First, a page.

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Q. Do I need pacemaker based on my EKG reports?

Answered by
Dr. Lohit Chauhan
and medically reviewed by Dr. Divya Banu M
This is a premium question & answer published on Mar 14, 2019

Hi doctor,

I am a 37-year-old female, 140 lbs 5’5". I saw a new cardiologist yesterday and my EKG results. Results said left axis deviation, LAPB, RBBB. I asked her if I have a bundle branch block and she said no because only the two heartbeats show it and the rest of the EKG was normal. I am worried whether I need a pacemaker if I have blocks now. What is she trying to say?

Dr. Lohit Chauhan

General Medicine Internal Medicine
#

Hello,

Welcome to icliniq.com.

I guess you mean LAFB and not LAPB. According to you, you already have RBBB and this time the EKG strip read LAFB. Many times the EKG strips read the EKG strip wrongly. You should believe in your cardiologist as humans are needed to interpret the EKG with some specific criteria, to fit the EKG as normal or some pathology.

While LAFB stands for left anterior fascicular block, there is no term such as LAPB in my knowledge. The other term is LPFB, which stands for the left posterior fascicular block. The LPFB is extremely rare and usually occurs in isolation. It would be nice if you could post the picture of your EKG so that I could give a second opinion. Also when RBBB is present in combination with the other two (either LAFB or LPFB) is called bifascicular block. If the bifascicular block is present chronically in a patient it has a relatively low risk of progression to a high degree block.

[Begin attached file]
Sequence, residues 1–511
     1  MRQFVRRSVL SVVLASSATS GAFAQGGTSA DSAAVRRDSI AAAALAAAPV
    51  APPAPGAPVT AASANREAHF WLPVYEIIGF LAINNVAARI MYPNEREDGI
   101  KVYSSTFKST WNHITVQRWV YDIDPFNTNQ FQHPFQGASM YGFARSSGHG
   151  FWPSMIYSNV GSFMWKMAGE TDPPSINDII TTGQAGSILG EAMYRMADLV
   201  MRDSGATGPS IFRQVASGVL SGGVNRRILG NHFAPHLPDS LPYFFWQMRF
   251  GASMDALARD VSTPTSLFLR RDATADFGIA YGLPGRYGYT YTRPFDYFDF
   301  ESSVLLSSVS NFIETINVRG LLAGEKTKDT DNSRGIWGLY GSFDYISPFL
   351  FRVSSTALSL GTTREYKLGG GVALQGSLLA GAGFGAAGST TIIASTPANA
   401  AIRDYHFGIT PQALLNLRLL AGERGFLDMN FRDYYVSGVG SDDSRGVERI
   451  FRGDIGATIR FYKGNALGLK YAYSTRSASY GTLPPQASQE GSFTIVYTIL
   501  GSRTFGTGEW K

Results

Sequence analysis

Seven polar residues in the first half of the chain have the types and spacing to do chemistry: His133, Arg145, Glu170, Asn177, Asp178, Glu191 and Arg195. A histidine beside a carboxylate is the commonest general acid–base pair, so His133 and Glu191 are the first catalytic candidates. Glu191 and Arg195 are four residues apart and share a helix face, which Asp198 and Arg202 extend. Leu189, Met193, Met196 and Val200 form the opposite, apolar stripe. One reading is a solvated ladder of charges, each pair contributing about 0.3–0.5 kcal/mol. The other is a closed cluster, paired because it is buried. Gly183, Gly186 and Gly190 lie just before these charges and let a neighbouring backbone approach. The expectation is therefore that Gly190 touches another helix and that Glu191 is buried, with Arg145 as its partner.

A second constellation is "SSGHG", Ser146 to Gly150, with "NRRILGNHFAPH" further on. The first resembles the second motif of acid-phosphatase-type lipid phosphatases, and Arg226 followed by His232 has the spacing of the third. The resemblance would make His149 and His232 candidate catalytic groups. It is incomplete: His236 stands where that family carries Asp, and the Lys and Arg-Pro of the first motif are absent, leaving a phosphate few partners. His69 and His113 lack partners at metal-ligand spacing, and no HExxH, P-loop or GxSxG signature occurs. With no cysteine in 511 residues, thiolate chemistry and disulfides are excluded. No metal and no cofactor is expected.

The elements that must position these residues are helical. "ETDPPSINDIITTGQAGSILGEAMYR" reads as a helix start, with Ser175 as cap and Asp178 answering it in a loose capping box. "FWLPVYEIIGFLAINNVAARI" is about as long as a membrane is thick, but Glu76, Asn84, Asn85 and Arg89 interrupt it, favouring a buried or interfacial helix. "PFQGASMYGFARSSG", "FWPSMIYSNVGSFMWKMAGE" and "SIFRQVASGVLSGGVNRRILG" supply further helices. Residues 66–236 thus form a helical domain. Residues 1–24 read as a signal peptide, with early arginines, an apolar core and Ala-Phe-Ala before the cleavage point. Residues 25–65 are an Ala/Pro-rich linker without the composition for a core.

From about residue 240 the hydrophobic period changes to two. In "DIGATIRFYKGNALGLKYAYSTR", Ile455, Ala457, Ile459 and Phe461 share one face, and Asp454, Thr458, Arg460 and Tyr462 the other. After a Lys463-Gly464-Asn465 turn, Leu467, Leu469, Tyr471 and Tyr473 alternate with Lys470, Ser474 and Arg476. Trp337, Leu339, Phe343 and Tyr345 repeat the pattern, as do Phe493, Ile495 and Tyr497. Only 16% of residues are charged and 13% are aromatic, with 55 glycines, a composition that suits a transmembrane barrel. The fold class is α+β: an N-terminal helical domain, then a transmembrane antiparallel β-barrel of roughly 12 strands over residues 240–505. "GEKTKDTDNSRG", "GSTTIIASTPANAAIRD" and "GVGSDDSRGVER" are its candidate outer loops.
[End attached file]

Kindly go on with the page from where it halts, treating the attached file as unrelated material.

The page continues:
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Thank you doctor,

It also said left axis deviation on my EKG. What does that mean?

Dr. Lohit Chauhan

General Medicine Internal Medicine
#

Hello,

Welcome back to icliniq.com.

Axis in an EKG is determined by a variable on the strip which is known as QRS complex. Normally the QRS axis falls in between -30° to +90°, anything beyond -30° is called as left axis deviation. The most common cause of LAD is a hemiblock (left anterior fascicular block). It can be present in some individuals normally also. If you had hypertension in the past, it could be due to left ventricular hypertrophy (which is a complication of long term hypertension).


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